Further Elucidation of the Role of Protein Kinase-C and Rho Kinase in the Mechanism of Action of Bitter Melon Extract on Human Metastatic Breast Cancer Cells

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Bhupal P. Bhetwal Ph.D

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Medicine and Health Sciences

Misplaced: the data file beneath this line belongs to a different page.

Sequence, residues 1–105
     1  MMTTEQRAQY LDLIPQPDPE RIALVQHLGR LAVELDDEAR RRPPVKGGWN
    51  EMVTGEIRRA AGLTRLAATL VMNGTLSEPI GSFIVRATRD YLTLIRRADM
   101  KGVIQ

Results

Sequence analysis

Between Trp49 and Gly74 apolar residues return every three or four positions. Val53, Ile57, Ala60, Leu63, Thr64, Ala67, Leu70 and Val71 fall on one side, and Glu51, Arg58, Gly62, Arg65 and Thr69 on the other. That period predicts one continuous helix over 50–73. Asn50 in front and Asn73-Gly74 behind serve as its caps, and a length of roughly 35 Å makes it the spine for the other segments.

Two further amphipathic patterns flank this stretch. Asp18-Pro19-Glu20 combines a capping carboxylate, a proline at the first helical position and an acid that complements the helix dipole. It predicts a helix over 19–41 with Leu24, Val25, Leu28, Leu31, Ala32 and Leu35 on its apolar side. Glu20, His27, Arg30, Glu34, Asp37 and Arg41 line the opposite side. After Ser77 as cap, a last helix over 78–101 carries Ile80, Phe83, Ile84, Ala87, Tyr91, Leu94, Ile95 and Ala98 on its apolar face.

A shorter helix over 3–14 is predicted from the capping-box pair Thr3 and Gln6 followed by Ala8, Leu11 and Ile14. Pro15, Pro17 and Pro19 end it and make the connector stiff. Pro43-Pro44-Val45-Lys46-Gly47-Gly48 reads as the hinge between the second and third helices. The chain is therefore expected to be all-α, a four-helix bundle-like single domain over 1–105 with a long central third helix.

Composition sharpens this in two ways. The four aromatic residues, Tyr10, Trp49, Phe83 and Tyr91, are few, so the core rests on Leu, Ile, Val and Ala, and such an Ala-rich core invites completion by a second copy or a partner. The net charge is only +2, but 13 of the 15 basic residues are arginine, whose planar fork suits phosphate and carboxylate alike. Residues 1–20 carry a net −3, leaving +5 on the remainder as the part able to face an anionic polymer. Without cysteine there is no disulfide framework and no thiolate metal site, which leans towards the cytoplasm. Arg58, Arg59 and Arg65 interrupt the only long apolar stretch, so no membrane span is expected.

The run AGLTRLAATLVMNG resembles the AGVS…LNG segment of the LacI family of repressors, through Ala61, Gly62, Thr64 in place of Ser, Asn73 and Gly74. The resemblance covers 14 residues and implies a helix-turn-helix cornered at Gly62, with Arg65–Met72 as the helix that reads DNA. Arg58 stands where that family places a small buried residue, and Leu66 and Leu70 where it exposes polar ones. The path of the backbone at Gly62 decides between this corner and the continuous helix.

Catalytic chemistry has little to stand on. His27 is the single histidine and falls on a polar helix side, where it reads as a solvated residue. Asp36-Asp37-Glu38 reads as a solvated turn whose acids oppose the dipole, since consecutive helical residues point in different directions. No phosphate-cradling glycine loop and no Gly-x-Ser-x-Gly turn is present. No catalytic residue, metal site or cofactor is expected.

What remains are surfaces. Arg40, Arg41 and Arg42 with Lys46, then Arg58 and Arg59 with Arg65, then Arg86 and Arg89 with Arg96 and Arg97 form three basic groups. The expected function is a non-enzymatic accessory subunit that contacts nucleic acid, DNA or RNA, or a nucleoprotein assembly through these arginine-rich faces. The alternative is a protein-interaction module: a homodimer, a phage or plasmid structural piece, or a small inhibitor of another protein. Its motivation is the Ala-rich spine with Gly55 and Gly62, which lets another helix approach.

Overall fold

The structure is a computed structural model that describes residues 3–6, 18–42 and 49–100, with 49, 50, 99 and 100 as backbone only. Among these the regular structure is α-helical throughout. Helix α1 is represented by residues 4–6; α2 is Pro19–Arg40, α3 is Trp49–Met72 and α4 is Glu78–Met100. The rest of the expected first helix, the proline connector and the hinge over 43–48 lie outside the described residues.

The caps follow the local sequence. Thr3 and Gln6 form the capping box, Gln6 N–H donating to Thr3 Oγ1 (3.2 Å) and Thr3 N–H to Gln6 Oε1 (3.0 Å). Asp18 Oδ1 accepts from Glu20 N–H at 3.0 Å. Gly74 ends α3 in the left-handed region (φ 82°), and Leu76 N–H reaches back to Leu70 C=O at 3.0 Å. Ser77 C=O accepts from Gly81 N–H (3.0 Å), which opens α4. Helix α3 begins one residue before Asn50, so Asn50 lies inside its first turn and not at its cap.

Introduction: It is well documented in the literature that Bitter Melon Extract (BME) inhibits the growth and proliferation of MCF-7 breast cancer cells. While the exact mechanism of this inhibition is unknown, it is possible that Protein Kinase C (PKC) and Rho Kinase (ROK) play a role in this mechanistic pathway due to their known critical roles in cell migration, division, and survival. Previous research has shown that ROK inhibition results in decreased cell viability and decreased MYPT1 (Myosin phosphatase targeting subunit-1) expression, while PKC inhibition alone does not have a significant effect. Aims: The aim of this research is to investigate the cytotoxic mechanism of action enacted by BME on MCF-7 cells and how PKC and ROK might be involved in this mechanism by building on past research to create more robust data and a better understanding of the metabolic state of MCF-7 cells under the set conditions. Methods: Glucose assays were run via a GM-100 glucometer to test for cell metabolism as a measure of cell viability on BME dose (0%, 0.5%, 1%, 2%, 5%, and 10% BME (v/v)) study samples, PKC inhibitor (GF109203x; 0.5 uM) samples, and ROK inhibitor (H-1152; 1 uM) samples. The samples used in each of the three conditions were secured from past research. Results & Discussion: BME dose-dependently increased glucose remaining in the culture media. The sample sizes for different doses of BME were as follows; at 0% (n=4), 0.5% (n=5), and 1% (n=5), while 2% (n=2), 5% (n=3), and 10% (n=3). The data suggests two possibilities; (i) with increasing BME dose, there is an increasing effect on the MCF-7 cell’s metabolism of glucose, and that this decrease in ability to metabolize glucose when in the presence of increasing [BME] could play a role in the cytotoxic mechanism of BME on MCF-7 cells. (ii) The BME kills cells and hence glucose is not used as much thus leaving plenty of glucose in the medium. Our results further showed that neither PKC inhibitor samples (n= 7) nor ROK inhibitor samples (n=11) showed significant differences in [glucose]. This suggests that the measured effect in glucose metabolism in the BME dose-dependent study samples is independent of PKC and ROK mechanistic pathways.


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